Longer term agencies Called debentures or agencies Some are set maturities many are not Different structures created to fit investor or US Agencies The investors advantage in lower credit Treasuries give markets standardization Agencies offer more to get your business Advantages

All good day maturities Flexible maturity date choices Flexible structures More yield to take risk of lower credit Federal Agencies Agencies most often in the marketplace FHLB Federal Home Loan Bank FHLMC in conservatorship Freddie Mac Home Loan Mortgage Corp FFCB Farm Credit Farm Credit Bank

FNMA in conservatorship Fannie Mae National Mortgage Assoc. Government Agencies Non-standard, semi-annual coupons Varying middle dates Agency Listing Rate Maturity 0.75 4-xx Bid Asked

92:20 92:24 Yield 1.88 Callable Securities Issuers Agencies, corporations, public entities Callable is two securities 1. Issuer sells fixed income security to investor Value = present value of stream of cash flows 2. Investor sells option to call to issuer Value = probability of being exercised based upon current yield curve, a rate of volatility, and time to

exercise date Lock-out period Call protection; initial period during which issuer cant call bonds Callable Structures Various structures 3/1; 5/2; 10/3 2YNC6 Berm European one-time call Bermuda Discrete call, callable only on interest payment dates American Continuous call, callable anytime with specified # of days notice Step-up callables Fixed coupon to next call date At call date, bonds either called or coupon steps up/increases to structured higher coupon Can have multi-step ups Not the same as floating rate notes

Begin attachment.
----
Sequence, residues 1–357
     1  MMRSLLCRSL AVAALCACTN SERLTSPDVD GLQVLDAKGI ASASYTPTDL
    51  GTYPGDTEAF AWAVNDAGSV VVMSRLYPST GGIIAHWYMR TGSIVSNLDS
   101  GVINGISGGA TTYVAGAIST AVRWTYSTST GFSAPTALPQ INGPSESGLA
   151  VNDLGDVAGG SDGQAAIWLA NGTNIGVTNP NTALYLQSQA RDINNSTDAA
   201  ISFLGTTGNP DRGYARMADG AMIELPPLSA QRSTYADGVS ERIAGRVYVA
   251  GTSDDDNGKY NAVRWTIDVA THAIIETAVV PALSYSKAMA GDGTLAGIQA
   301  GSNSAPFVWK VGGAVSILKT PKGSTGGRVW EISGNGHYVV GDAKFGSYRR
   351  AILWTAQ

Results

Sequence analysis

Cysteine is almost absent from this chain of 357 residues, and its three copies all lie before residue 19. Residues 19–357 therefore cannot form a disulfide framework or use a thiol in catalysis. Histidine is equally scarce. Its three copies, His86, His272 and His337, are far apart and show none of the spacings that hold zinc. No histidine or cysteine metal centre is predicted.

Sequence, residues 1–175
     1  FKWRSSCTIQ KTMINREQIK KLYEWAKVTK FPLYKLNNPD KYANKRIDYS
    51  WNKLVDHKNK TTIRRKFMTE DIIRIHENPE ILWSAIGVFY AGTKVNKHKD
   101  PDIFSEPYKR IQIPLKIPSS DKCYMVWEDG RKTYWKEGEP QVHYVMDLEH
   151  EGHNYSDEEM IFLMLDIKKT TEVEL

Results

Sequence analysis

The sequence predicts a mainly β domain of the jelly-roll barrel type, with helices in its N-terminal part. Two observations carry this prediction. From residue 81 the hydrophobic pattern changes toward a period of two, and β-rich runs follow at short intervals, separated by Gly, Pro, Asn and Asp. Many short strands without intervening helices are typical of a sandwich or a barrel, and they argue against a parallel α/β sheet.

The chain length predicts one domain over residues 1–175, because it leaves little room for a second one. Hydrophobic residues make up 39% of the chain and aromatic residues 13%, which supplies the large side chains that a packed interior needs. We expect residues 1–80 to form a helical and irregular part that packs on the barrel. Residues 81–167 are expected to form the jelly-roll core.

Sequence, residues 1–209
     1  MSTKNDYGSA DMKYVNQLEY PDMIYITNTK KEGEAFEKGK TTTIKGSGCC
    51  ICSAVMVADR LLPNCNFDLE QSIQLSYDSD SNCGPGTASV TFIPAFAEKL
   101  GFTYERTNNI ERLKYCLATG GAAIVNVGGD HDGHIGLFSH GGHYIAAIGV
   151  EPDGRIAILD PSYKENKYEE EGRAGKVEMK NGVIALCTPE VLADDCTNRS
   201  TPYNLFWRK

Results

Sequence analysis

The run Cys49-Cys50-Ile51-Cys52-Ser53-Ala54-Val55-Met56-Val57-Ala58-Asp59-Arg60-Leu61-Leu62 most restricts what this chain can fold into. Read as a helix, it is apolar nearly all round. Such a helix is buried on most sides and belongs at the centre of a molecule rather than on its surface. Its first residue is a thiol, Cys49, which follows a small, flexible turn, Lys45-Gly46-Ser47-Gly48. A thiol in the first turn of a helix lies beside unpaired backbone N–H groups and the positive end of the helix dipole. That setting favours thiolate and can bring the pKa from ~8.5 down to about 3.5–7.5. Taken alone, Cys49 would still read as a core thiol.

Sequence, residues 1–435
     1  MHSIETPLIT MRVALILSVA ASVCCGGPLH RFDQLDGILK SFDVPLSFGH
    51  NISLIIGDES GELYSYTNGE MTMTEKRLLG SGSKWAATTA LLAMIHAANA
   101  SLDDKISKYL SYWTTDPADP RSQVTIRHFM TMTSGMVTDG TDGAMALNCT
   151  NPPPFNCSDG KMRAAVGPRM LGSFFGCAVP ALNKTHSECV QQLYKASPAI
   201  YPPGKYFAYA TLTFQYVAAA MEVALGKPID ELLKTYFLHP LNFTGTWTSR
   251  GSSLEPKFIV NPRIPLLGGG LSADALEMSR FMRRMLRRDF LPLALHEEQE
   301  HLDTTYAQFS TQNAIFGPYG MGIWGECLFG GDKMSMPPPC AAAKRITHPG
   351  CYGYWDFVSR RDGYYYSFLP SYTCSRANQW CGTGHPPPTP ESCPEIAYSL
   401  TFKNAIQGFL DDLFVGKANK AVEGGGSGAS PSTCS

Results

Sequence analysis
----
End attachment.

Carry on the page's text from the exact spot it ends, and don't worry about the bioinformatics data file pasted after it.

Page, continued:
Valuation of Callable Securities Priced at spread to Treasuries Yield to Worst (YTW) Which is lesser: Yield to Maturity or Yield to Call Option Adjusted Spread (OAS) Creates synthetic bullet Compare spread from OAS analysis to historical spread for non-callable securities from same market sector Structured or Floating-Rate Notes

Floaters reset rates periodically Index Spreads Reset Periods Day Count Periods Payment Periods

Maturity Valuation difficulties (accounting variations) Agencies Come in 2 Varieties Agencies issue debentures to get funds to buy mortgages Agency Notes debentures of the agency backed by the credit of the agency Issued like regular discount notes and notes Mortgage Backed Agencies

Created by pools of and backed by home mortgages affected by interest rates and mortgage pay-downs Some More Securities Additional types of securities They are legal if in your policy Not used by most public entities You might want specificity in definitions Chose your policy securities carefully Bond Mutual Funds

Structure is key not liquid securities Moves on market prices not a straight accrual Must have a maximum WAM of 2 years Not permitted for bond funds because of risk Not much reason to use especially now Potential of principal loss in rising rates Check the fee Use no-load funds total expense ratio Know the earnings history Read the prospectus Size Goals and policy restraints Bond Funds

Must be treasury and agency Bond Proceeds are prohibited by law!! Too much risk of principal loss. Maximum WAM of 2 years Short term bond mutual funds What would that make the maximum maturity?? Only safe when rates are falling Rising rates may limit your liquidity or lose principal Look for Morningstar Four Stars ****

Watch for rates to turn Watch and check for liquidity terms Reporting will be different Restrict the amount used primarily for reserves Corporate Bonds Only for Higher Education and ISD >50,000 Credit required AA- but higher may be safer Monitoring required Mortgage Backed Securities

Built from pools of home mortgages Pass-through securities Passes through P&I from homeowner Stated maturity and expected maturity Performance of pool dependent on mortgage payments Dependent upon interest rates Subjective pricing Basic Mortgage Backed Security (MBS) Homeowner gets pools Mortgage mortgages As